Now it was true that Margaret had decided to go along with the misunderstanding, and that was all well and good. But by this time, surely, the woman should have sniffed out her mistake. Margaret was not Margaret Täubner. This was plain as a pikestaff, even to a very old woman. “I remain interested in your fate,” the doctor had written, but now any imposter was welcomed greedily. And because Margaret did not know the meaning of the word the doctor had used,
, she began to thrust on that term all her fantasies of what was going wrong.
—perhaps it was a fear of self-revelation. She even began to develop an image of this other Margaret T. in her mind. She would have very short hair, she decided, and a habit when she was sitting of holding her handbag on her lap, rather than letting it rest at her ankles.
Behind the screen, Margaret pulled off her trousers. She looked down at the floor and saw that the deep burgundy and intricate pattern of the Oriental carpet disguised years of grime. She was disgusted. She came out from behind the screen, nude from the waist down, and the doctor gestured toward the leather table with its swathe of white paper and stainless steel.
And now Margaret’s nakedness made her even more wretched; her misgivings ducked from her mind to her stomach.
The doctor hurtled to the table and began to adjust the stirrups to their full length. “Legs spread! Feet in!” she commanded. She turned around and went to the cabinets below the long counter, rooted about, searching for something with both hands. Margaret climbed up on the table. She watched the doctor more closely than ever.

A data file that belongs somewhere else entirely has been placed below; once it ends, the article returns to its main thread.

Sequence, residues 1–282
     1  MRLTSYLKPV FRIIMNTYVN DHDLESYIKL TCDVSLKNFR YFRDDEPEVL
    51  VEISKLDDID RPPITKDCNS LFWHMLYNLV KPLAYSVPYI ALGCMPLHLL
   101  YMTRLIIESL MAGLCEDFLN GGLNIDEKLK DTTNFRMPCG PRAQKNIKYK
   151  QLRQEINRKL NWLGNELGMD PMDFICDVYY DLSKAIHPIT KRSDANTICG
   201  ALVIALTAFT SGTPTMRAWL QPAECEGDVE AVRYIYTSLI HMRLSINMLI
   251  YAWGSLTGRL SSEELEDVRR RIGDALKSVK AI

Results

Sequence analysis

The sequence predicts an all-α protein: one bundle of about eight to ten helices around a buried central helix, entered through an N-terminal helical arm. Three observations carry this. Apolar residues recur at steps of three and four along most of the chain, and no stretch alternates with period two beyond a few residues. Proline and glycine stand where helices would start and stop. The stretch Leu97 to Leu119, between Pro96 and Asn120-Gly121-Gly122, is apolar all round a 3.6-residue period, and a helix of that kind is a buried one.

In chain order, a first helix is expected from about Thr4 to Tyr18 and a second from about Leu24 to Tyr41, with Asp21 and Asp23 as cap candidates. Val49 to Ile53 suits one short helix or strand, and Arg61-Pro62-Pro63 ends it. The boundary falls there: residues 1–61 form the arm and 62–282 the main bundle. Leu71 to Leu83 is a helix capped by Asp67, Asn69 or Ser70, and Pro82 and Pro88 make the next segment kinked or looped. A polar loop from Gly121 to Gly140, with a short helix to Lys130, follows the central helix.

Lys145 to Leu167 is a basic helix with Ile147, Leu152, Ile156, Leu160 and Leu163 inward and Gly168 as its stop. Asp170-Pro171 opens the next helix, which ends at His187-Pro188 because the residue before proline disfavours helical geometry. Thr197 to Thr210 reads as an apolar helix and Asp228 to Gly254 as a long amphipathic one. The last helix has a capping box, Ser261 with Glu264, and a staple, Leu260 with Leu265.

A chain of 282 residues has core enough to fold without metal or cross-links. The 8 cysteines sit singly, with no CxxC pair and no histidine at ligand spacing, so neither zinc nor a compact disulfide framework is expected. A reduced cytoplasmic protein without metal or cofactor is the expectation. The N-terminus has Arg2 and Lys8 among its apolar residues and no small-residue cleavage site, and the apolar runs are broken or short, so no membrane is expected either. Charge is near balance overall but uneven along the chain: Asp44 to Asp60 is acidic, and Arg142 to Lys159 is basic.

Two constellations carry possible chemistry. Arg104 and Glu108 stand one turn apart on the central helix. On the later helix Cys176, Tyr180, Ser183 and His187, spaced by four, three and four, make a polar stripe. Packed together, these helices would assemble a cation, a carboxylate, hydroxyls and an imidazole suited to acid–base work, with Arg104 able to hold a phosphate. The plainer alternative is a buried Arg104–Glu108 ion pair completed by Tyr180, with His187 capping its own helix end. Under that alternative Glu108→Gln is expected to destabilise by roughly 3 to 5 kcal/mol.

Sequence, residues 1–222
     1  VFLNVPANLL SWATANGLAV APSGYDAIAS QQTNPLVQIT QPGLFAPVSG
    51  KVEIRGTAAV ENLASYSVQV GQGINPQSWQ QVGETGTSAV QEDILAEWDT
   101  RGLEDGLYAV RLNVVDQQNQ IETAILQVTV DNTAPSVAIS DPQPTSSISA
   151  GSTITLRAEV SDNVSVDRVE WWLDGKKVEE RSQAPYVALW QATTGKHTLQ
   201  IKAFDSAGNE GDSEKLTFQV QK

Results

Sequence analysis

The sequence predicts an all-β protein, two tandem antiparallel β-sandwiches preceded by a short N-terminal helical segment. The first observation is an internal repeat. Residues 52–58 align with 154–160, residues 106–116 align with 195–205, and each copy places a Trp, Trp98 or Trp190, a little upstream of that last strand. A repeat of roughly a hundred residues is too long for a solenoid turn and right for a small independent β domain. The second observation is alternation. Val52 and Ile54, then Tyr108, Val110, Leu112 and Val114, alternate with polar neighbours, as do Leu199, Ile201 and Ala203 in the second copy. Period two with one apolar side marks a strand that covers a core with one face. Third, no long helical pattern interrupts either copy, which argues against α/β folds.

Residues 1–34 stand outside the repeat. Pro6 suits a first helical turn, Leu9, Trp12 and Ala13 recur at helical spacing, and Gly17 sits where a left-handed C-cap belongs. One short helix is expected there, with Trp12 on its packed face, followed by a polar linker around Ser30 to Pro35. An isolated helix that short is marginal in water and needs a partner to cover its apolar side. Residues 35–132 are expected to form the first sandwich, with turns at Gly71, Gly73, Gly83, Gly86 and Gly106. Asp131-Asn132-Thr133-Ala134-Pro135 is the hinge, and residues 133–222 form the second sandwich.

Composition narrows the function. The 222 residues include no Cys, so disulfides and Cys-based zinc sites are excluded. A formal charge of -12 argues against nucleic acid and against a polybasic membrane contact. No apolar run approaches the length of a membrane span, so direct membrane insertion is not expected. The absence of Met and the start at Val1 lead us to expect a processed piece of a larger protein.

The doctor returned and gripped Margaret’s knees to steady herself, sighing melancholically. She screwed the instrument tight. She seemed not to glance at the thing as she did so, her hands working automatically. “I know you’re uncomfortable, my dear, but practically,” she said in a low voice, “you’re very lucky.” Her golf-ball eyes seemed to mist
over again and she gazed into some middle distance that was her eyes’ preferred resting point. Her hands went still, and she again gripped Margaret’s knees. “The speculum of the nineteenth century presented a challenge to the nervous system of much greater consequence than the one you are enduring. It had a system of mirrors and lenses, and the light source, my dear girl, was a lamp flame. These early specula burned a mixture of alcohol and turpentine, and I shudder at the thought of the burns that were occasionally the sad drawback to their use. Knowledge of the inner in exchange for the beauty of the outer, I’m afraid.”
“My goodness,” Margaret said.
“You might well say.” The doctor sighed, her head falling forward as though gone overripe. “Tell me,” she said, “have you become
of doctors in the meantime?”